The pattern jury instruction for the 11th Circuit (Miami) requires intent to lauder. Below is the exact instruction and some notes. If you are charged with Money Laundering get advice from an experienced lawyer.
Promoting Unlawful Activity
18 U.S.C. § 1956(a)(1)(A)(i)
It’s a Federal crime to knowingly engage in certain kinds of financial transactions commonly known as money laundering.
The Defendant can be found guilty of this crime only if all the following facts are proved beyond a reasonable doubt:
(1) the Defendant knowingly conducted or tried to conduct, a financial transaction;
(2) the Defendant knew that the money or property involved in the transaction were the proceeds of some kind of unlawful activity;
(3) the money or property did come from an unlawful activity, specifically [describe the specified unlawful activity alleged in
the indictment]; and
(4) the Defendant was involved in the financial transaction with the intent to promote the carrying on of that specified unlawful activity.
To “conduct a transaction” means to start or finish a transaction, or to participate in a transaction at any point.
A “transaction” means a purchase, sale, loan, promise, gift, transfer, delivery, or other disposition of money or property.
[A transaction with a financial institution also includes a deposit, withdrawal, transfer between accounts,
exchange of currency, loan, extension of credit, use of a safe deposit box, or purchase or sale of any stock, bond, certificate of deposit, or other monetary instrument.]
A “financial transaction” means –
[a transaction that in any way or to any degree affects interstate or foreign commerce by sending or moving money by wire or other means.]
[a transaction that in any way or to any degree affects interstate or foreign commerce by involving one or more “monetary instruments.” The phrase “monetary instruments” includes coins or currency of any country, travelers or personal checks, bank checks or money orders, or investment securities or negotiable instruments in a form that allows ownership to transfer on delivery.]
[a transaction that in any way or to any degree affects interstate or foreign commerce by involving the transfer of title to any real property, vehicle, vessel, or aircraft.]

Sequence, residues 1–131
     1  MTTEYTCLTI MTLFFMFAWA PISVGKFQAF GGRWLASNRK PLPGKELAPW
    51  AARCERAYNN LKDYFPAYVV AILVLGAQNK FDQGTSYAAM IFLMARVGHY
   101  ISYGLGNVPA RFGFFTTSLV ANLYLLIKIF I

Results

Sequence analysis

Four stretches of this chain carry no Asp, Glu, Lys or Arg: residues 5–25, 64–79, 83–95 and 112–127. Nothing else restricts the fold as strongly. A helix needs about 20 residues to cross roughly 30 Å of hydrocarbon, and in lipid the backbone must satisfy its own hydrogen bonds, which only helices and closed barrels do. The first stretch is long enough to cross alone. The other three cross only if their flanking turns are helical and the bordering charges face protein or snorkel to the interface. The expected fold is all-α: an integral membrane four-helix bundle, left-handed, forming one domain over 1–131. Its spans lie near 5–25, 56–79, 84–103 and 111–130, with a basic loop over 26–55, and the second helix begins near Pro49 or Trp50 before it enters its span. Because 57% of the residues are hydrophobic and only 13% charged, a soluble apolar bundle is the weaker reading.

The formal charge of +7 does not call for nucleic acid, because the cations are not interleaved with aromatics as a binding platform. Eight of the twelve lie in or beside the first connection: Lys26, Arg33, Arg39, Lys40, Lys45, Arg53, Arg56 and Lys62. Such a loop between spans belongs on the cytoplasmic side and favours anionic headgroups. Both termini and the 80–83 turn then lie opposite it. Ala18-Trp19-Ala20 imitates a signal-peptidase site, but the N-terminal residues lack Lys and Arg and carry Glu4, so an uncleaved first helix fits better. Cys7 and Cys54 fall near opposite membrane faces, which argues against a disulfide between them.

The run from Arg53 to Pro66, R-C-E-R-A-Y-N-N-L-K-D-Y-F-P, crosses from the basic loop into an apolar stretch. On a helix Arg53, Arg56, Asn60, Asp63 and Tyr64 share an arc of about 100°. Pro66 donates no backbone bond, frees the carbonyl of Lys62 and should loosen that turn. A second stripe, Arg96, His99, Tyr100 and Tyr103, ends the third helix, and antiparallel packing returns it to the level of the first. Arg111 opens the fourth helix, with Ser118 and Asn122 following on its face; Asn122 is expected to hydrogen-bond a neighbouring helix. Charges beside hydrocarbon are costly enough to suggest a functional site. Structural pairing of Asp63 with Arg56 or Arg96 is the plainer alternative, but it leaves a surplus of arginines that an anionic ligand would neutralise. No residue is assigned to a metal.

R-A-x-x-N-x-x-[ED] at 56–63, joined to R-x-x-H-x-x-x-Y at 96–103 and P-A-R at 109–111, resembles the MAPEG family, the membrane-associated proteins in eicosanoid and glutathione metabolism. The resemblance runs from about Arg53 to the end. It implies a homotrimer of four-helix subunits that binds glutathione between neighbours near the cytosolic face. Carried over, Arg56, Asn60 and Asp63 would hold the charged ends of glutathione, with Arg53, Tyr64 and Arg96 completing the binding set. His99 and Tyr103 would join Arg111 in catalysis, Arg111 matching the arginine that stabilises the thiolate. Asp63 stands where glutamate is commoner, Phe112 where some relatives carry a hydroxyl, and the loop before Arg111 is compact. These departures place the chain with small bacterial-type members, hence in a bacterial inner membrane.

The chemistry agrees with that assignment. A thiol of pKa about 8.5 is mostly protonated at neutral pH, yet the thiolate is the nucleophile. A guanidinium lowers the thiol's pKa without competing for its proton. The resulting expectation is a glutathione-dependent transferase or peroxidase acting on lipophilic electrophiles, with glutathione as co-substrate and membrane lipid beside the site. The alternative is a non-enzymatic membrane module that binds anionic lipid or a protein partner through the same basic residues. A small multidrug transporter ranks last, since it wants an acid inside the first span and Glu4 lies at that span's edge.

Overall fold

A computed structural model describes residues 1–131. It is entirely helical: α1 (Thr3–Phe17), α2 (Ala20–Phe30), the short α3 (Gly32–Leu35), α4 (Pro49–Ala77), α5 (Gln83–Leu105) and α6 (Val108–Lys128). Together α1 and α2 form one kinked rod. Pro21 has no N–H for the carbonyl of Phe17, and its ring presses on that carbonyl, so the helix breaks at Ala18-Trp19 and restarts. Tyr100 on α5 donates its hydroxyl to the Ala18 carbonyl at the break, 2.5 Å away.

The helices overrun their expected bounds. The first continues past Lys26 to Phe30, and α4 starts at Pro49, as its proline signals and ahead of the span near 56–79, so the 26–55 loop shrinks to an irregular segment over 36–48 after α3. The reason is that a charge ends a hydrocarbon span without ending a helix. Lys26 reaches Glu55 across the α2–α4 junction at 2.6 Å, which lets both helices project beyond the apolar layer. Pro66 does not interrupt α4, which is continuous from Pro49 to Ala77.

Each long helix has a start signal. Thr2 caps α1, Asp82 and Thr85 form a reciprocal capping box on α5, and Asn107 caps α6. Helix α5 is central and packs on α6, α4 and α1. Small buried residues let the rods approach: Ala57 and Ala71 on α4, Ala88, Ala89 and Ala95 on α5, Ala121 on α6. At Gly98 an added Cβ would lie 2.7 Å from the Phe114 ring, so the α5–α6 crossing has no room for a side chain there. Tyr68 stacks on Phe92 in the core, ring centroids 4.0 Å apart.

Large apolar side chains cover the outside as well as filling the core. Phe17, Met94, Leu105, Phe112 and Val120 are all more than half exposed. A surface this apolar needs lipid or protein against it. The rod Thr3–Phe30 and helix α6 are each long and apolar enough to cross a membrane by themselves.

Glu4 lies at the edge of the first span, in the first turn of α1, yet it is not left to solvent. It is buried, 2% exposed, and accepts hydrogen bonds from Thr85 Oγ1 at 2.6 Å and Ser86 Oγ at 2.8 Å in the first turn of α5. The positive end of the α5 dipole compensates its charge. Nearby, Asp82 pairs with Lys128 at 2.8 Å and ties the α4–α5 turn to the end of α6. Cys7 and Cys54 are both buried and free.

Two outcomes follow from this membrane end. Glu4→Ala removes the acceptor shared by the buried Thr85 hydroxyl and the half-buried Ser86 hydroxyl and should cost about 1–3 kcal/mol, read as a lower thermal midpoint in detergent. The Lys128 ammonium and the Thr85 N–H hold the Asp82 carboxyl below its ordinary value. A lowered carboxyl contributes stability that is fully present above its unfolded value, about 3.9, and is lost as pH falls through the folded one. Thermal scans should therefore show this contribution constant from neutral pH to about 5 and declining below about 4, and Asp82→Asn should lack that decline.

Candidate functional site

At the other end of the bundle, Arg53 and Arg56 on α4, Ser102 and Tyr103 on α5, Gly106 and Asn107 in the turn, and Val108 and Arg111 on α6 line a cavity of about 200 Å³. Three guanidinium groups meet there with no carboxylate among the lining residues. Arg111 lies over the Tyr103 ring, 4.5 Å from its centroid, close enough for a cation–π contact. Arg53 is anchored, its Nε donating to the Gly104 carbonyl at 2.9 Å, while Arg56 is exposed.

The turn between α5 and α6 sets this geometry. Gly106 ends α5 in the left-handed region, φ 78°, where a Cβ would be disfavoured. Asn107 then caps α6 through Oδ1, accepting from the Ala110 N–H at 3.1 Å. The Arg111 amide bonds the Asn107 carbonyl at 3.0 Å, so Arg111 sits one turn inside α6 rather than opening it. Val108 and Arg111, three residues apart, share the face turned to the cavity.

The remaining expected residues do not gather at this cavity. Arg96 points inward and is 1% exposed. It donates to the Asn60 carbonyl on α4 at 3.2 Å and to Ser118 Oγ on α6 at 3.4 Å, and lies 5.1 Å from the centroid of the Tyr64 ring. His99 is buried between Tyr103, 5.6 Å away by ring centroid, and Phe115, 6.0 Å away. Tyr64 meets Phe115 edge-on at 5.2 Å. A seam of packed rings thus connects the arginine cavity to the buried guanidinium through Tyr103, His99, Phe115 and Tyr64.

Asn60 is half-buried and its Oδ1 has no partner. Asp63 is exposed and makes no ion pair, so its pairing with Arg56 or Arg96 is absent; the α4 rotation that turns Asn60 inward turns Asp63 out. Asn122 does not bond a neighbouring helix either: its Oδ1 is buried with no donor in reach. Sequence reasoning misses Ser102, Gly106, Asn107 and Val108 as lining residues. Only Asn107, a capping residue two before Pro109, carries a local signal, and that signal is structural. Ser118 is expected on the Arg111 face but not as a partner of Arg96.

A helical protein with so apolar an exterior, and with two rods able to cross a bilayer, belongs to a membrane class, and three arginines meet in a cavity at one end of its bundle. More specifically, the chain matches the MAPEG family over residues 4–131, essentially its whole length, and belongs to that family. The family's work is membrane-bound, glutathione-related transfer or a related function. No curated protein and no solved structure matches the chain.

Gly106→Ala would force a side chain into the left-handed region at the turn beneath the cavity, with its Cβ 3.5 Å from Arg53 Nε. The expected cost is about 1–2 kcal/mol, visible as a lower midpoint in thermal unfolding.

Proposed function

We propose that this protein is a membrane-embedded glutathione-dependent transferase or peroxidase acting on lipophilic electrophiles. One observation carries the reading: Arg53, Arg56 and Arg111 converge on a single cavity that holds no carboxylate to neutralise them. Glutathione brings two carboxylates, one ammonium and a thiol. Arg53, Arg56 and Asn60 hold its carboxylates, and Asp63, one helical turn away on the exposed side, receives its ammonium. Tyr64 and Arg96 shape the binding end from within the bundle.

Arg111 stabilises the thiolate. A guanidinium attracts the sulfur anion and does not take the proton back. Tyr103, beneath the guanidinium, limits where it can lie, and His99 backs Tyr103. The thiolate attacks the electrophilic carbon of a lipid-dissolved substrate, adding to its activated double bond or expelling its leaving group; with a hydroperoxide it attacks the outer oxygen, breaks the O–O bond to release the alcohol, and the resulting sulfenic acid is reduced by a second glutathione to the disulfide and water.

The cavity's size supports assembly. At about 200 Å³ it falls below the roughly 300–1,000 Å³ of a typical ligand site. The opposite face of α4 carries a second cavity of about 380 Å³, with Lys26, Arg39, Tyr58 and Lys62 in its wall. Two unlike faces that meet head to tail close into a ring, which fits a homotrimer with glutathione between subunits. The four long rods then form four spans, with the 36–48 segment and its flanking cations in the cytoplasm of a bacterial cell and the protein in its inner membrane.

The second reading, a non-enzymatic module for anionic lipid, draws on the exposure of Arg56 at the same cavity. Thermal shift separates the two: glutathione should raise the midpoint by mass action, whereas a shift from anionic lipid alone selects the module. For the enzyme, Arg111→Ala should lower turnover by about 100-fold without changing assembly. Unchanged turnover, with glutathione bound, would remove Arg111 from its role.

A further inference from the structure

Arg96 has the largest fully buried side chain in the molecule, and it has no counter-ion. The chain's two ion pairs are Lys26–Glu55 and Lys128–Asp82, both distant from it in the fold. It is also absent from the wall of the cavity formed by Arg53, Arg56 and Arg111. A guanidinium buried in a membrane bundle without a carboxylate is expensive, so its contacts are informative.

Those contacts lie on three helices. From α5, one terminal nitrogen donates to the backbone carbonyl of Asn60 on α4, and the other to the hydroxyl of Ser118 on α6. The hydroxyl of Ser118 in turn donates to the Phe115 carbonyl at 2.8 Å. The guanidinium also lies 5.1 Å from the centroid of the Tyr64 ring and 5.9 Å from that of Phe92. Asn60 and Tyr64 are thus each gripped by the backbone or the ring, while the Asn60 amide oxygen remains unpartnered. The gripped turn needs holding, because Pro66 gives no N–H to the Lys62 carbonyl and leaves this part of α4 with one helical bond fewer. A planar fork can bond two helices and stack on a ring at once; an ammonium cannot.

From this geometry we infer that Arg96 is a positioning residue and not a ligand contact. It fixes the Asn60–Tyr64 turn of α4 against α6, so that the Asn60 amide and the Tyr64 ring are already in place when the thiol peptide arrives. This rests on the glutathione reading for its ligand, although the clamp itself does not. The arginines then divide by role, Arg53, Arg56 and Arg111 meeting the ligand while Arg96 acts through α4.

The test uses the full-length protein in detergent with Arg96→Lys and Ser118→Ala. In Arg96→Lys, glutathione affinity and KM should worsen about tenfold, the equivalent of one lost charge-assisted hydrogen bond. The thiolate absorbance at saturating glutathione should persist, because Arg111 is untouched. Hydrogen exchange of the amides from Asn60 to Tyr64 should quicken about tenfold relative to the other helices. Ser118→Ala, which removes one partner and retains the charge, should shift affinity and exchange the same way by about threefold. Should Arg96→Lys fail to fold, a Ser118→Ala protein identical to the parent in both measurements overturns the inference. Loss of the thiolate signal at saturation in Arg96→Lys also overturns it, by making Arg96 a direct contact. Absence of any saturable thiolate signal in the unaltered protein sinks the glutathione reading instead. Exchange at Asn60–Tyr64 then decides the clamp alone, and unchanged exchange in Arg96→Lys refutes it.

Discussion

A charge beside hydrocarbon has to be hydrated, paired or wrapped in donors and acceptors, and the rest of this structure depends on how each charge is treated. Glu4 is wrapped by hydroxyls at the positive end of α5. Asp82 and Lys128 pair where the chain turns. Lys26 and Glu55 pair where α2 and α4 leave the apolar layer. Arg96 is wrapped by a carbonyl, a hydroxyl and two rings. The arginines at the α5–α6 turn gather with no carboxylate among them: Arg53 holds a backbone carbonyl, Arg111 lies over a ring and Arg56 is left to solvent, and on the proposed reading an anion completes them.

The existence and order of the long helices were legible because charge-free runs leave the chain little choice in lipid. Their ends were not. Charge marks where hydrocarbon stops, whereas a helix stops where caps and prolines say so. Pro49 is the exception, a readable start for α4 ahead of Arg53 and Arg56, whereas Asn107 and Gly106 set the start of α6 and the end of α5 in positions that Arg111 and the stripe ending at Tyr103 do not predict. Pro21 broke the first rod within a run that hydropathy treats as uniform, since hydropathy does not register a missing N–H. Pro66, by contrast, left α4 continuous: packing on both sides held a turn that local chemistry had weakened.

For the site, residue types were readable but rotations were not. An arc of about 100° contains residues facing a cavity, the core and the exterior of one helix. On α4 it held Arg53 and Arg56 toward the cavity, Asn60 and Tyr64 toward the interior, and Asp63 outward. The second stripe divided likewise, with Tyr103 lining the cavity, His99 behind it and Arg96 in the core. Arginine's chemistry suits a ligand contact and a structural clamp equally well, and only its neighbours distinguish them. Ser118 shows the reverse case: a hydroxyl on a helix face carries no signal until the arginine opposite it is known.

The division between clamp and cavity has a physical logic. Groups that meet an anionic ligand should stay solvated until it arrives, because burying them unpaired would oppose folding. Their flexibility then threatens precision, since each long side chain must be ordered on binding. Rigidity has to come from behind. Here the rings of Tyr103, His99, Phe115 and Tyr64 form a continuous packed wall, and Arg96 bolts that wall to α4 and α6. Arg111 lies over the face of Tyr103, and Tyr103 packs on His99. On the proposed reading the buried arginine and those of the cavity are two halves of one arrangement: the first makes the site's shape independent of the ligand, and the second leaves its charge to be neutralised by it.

[a transaction involving the use of a financial institution that is involved in interstate or foreign commerce, or whose activities affect interstate or foreign commerce, in any way or degree. The phrase “financial institution: includes [give appropriate reference from 31 U.S.C. § 5312(a)(2) or the regulations promulgated under it]].
“Interstate or foreign commerce” means trade and other business activity between people or businesses in at least two states or between people or businesses in the United States and people or businesses outside the United States.
To “know that the money or property involved in the transaction came from some kind of unlawful activity” is to know that the money or property came from an activity that’s a felony under state, federal, or foreign law.
The term “proceeds” means any property derived from or obtained or retained, directly or indirectly, through some form of unlawful activity, including the gross receipts of the activity.
The term “specified unlawful activity” means [describe the specified unlawful activity listed in subsection (c)(7) of the statute and alleged in the indictment].
The term “with the intent to promote the carrying on of specified unlawful activity” means that the Defendant must have [conducted] [attempted to conduct] the financial transaction for the purpose of making easier or helping to bring about the “specified unlawful activity” as just defined.
ANNOTATIONS AND COMMENTS
18 U.S.C. § 1956(a)(1) provides:
Whoever, knowing that the property involved in a financial transaction represents the proceeds of some form of unlawful activity, conducts or attempts to conduct such a financial transaction which in fact involves the proceeds of specified unlawful activity – –
(A)(i) with the intent to promote the carrying on of specified unlawful
activity [shall be guilty of an offense against the United States]. Maximum Penalty: Twenty (20) years imprisonment and applicable fine. In United States v. Cancelliere, 69 F.3d 1116 (11th Cir. 1995), the Court held that although proof of willfulness is not a statutory element of money laundering, where the indictment expressly charged willfulness, the District Court erred in not giving the usual instruction on willfulness (Basic Instruction 9.1A).
The term “proceeds” in 18 U.S.C. § 1956 was expressly defined by the Fraud Enforcement and Recovery Act of 2009 (“FERA”), Pub. L. No. 111-21, effective May 20, 2009. The FERA expanded the concept of monetary proceeds, for purposes of enforcing prohibitions against money laundering, to include gross receipts. See 18 U.S.C. § 1956(c)(9).
The FERA was a direct response to United States v. Santos, 128 S. Ct. 2020 (2008). In
Santos, a plurality of the U.S. Supreme Court held that the definition of the term “proceeds” in 18 U.S.C. § 1956(a)(1)(A)(i) refers to “profits” rather than “receipts” when applied to a prosecution arising from an illegal stand-alone gambling operation. Until the FERA, the definition of “proceeds” in the money laundering statute remained unclear. The Eleventh Circuit has construed the fragmented Santos opinion narrowly. In United States v. Demarest, 570 F.3d 1232 (11th Cir. 2009), a case in which the trial took place prior to the FERA’s enactment, the Court noted:
Santos has limited precedential value… The narrow holding in [the case], at most, was that the gross receipts of an unlicensed gambling operation were not ‘proceeds’ undersection 1956…Id. at 1242.
Source: Miami Herald